File Names are Important

I discuss file naming with my students each semester in all of my courses. When working with multiple software applications, on multiple storage drives, and with multiple people, maintaining good file naming conventions is key to having a working data pipeline. By the end of each semester most of my students acquiesce and turn in their projects with naming conventions that I prescribe and hopefully they keep it up after they’re done with me. Every once in a while my warnings about bad naming come true and recently it happened to me.

I decided to conform a FCP 7 project in Smoke 2013 to play around with it a little. First, I media managed the project in FCP 7 to my external hard drive. Next, I opened the managed project and exported it as an XML. Then, I imported the XML to Smoke. The import worked great, I like how Smoke shows the conformed project and footage, but in the timeline I noticed one piece of media was offline. It was the dialog audio file. The file was on the hard drive and everything else was fine, but Smoke didn’t like it. After trying different things out I narrowed the problem down to the file’s name, which was “Submix A1 & A2.aif.” In the XML file, the audio filename is expressed as “Submix A1 & A2.aif.” The “&” is written in its HTML format and Smoke was unable to parse it. BTW, I did not name that file.

Special characters in filenames are very problematic to some applications like Smoke, which along with Color, Speedgrade, Resolve, and Maya among others were born on *nix operating systems where most special characters have meaning in command shells. Linux and other Unix users and programmers just know that these characters will not show up in file names. Windows and Mac OS, which is also Unix-based, allow for poorly written file names so they are more user friendly. GUI’s in general (KDE, Unity, Gnome) seem to allow for special characters even though they break software and command-line statements in other parts of the OS.

Another relatively recent example was with a student who named her hard drive with her full name and her phone number (in the form (xxx) xxx-xxxx). She even put an apostrophe in her name. She tried to open a file in Mocha, but Mocha would not show her drive as an option. Once she removed the special characters all was well.

What are special characters? ~`!@#$%^&*()+=[]{}\|/?<>,:;

What is OK for naming and keeps you out of trouble? abc ABC 123 _ – . and technically spaces, but avoid them.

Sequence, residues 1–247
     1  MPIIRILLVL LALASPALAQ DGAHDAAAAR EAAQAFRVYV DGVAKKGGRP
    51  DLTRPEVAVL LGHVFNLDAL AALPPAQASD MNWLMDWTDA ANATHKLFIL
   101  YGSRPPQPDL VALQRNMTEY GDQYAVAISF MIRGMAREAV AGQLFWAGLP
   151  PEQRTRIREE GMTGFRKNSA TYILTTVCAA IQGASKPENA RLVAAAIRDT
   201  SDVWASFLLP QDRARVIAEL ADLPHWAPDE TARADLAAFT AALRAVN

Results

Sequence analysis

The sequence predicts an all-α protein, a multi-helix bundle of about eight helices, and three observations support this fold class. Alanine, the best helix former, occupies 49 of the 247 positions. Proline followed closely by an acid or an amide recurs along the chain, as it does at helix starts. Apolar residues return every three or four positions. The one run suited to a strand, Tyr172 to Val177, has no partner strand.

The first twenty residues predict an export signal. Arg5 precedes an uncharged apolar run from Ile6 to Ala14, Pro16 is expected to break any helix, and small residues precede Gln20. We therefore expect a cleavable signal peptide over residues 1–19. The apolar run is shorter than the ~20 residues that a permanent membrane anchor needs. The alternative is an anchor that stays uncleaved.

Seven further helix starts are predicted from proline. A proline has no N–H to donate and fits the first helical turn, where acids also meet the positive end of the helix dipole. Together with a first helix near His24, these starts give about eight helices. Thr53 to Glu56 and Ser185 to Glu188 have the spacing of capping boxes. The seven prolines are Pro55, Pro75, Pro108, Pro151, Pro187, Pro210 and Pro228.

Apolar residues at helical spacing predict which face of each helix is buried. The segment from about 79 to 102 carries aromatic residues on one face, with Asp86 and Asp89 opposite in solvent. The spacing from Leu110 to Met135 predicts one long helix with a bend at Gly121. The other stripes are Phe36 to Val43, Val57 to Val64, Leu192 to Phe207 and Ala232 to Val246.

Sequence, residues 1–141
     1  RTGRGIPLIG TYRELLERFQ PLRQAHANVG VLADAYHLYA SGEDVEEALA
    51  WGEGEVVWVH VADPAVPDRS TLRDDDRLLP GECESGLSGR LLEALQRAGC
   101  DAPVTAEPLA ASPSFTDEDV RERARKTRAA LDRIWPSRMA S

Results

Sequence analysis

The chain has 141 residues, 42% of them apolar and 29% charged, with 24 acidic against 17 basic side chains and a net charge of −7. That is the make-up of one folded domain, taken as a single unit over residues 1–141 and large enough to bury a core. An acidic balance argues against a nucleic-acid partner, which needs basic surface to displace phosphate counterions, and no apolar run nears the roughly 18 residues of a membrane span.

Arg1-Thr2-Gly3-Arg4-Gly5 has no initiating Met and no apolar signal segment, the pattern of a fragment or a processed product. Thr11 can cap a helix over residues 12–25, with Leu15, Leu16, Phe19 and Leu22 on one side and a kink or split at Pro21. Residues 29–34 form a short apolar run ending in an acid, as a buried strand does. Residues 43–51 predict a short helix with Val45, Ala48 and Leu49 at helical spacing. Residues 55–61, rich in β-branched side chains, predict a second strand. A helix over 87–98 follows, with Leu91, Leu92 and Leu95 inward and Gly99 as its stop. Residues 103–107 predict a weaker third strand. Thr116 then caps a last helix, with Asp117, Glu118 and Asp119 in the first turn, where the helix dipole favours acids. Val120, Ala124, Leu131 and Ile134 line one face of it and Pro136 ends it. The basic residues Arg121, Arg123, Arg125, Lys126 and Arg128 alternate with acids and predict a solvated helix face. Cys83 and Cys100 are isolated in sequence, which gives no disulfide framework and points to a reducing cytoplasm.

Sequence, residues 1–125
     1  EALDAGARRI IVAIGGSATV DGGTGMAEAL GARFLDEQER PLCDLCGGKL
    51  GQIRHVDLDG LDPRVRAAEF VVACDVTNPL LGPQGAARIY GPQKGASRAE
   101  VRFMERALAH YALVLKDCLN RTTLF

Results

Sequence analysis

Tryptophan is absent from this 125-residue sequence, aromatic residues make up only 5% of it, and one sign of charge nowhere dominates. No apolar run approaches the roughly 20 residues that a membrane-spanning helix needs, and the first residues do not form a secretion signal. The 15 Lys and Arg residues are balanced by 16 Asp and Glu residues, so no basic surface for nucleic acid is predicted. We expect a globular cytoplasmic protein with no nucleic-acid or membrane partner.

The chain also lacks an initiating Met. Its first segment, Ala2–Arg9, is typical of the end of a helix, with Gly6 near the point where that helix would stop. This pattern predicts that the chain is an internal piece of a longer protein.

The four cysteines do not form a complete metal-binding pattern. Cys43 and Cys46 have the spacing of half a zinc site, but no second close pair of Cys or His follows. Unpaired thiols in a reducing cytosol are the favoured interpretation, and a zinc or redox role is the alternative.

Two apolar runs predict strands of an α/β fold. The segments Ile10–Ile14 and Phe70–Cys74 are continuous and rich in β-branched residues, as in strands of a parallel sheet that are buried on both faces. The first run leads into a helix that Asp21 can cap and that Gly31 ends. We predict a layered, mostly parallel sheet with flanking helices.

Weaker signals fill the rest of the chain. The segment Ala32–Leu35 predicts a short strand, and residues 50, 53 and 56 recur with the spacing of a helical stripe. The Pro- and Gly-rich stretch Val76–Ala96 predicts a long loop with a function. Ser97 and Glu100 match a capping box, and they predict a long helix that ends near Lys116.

Some ideas for file naming:

  • file_name.ext
  • file-name.ext
  • filename.ext
  • file.name.ext
  • fileName.ext

If you want to make a certain file or folder be at the top of a list then consider adding numbers to the beginning of the file, such as 00-filename.ext.

Consider staying away from spaces in filenames. They are legal, but they cause issues if you upload the file to a web server or you are working with backup software or command line processes.

Some companies use parenthese () in file names, such as Adobe and Plex (and other media servers), but I recommend you stay away from parentheses in your media projects.

For those of you who are working on collaborative projects I highly recommend you publish a file naming convention before you start work. How do you differentiate footage files (ex. scene-shot-take.mov)? How do you differentiate files that have effects or have been color corrected? How do you know what revision a shot or sequence is on? File names makes answering these questions easy.

Why do I care?

  • I help students who are just learning all this stuff and poor naming conventions just slows down their learning if they break their software
  • I do a lot of animation and motion graphics projects, which use an array of files (video, still, project, rendered, 3D data, etc.) that I must be able to keep under control using several software applications
  • I use the command line a lot and special characters slow down the process
  • I write small programs that work on filesystems and I don’t like to code for special characters that cause errors (I’m lazy like that)

Full disclosure, I conformed the XML in Premiere Pro CS6 and it had no issues with the file name.

Advertisements